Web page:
Date of Graduation


Document Type


Degree Name

Doctor of Education (Ed.D.)


School of Education


Learning and Instruction


Learning & Instruction EdD

First Advisor

Patricia Busk

Second Advisor

Xornam Apedoe

Third Advisor

Walter Gmelch


This meta-analysis synthesized research on gender gap in the Force Concept Inventory (FCI). The main goal of the present meta-analysis was to identify the moderator variables that mediate effect size differences. Furthermore, the statistical significance of the average effect sizes was investigated. The inclusion criteria for the meta-analysis resulted in 22 empirical research articles that studied gender gap and reported the number of male and female students in the study. The included articles reported multiple studies; therefore, there were 34 studies on pretest and 43 studies on the posttest FCI. The average effect size for the pretests was 0.62 and for the posttest was 0.26. All effect sizes in pretest indicated that male students on average scored higher than female students; in posttest, however, two effect sizes indicated higher means for female than male students. School level (high-school versus college and university), teaching methods (traditional versus modeling instruction), culture of students (United States versus international countries), and contents of FCI (original or revised FCI) were investigated as moderator variables. The pretest effect sizes indicated that school level and content of FCI did not moderate the effect sizes, whereas effect size was moderated by teaching methods and culture. Students who enrolled in traditional teaching method had statistically significant gap that was wider than students enrolled in modeling instruction classes. Posttest effect sizes for teaching method were not statistically significant, whereas school level, culture, and content of the FCI indicating that these variables moderated the effect sizes. This meta-analysis studied the gender gap by analyzing the effect sizes instead of gain. Furthermore, unlike most studies gender gaps were compared between pretests and between posttests. Some results such as effect sizes in the teaching methods indicated relatively same gap for posttests in both traditional method as well as modeling instruction. It is important that further research to be conducted using effect size to investigate gender gap in different statistical methods than gain or normalized gain.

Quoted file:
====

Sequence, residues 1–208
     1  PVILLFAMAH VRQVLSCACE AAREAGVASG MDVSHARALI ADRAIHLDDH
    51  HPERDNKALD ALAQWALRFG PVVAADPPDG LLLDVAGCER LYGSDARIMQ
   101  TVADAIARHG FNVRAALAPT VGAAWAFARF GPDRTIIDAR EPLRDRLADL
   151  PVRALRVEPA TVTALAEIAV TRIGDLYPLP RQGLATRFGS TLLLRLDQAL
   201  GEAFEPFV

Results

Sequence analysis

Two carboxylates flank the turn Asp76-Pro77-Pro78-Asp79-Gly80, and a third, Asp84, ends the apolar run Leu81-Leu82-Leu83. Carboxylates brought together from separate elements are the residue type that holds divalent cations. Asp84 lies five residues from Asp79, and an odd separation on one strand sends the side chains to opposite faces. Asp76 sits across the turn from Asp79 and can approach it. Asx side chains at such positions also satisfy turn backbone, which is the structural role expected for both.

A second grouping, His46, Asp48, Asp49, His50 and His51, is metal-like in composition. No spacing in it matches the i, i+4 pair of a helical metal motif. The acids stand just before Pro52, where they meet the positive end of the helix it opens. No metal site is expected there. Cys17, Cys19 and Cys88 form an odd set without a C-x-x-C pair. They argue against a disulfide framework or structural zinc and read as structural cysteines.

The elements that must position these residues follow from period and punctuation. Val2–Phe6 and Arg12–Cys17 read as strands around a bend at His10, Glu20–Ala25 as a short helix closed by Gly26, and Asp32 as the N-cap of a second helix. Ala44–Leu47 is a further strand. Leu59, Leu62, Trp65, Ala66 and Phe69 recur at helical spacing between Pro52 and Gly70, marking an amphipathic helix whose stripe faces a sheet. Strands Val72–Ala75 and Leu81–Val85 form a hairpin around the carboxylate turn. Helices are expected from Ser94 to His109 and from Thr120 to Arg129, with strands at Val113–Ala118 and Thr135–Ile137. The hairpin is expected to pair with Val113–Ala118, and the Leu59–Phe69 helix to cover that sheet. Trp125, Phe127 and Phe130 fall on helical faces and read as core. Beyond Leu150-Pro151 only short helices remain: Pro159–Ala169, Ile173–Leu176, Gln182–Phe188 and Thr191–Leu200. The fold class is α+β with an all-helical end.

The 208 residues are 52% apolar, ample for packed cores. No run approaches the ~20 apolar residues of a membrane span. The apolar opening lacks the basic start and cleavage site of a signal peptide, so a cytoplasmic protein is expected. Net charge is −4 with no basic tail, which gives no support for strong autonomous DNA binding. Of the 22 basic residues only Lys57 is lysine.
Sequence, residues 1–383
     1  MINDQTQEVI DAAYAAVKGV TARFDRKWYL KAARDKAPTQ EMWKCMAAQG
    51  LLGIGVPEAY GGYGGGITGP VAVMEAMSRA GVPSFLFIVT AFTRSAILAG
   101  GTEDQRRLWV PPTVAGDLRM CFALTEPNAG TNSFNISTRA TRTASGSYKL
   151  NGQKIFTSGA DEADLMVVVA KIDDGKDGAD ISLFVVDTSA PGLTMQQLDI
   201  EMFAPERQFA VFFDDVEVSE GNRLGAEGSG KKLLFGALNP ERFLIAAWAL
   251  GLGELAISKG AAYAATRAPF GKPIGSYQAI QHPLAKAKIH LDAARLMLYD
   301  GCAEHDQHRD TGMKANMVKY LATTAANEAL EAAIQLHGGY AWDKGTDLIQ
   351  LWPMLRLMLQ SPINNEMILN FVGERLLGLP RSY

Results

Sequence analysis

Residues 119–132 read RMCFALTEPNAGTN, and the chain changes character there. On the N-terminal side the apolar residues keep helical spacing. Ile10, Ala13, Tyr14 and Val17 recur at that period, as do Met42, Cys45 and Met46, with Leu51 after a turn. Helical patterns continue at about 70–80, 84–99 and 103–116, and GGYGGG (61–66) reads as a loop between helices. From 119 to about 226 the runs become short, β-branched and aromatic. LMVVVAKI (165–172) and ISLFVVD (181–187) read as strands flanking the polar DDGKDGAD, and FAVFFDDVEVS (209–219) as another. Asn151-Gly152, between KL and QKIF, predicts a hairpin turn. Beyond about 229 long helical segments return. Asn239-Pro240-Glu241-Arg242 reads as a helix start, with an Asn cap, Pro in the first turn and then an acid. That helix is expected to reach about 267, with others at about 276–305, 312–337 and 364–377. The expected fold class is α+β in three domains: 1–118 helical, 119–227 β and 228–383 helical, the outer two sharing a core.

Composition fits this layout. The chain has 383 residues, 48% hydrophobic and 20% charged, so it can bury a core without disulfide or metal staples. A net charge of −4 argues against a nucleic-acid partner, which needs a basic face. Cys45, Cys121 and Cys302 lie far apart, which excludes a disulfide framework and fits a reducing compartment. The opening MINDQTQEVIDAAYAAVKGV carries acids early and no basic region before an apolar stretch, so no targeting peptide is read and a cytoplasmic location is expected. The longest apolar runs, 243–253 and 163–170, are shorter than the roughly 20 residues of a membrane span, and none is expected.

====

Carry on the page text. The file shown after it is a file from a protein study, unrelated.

Included in

Education Commons